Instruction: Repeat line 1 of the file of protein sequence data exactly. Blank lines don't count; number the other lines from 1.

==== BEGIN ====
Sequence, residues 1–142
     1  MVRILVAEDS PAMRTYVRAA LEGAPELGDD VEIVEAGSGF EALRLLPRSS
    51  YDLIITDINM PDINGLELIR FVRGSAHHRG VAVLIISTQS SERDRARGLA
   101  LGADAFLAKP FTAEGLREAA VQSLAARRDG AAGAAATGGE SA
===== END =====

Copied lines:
Sequence, residues 1–142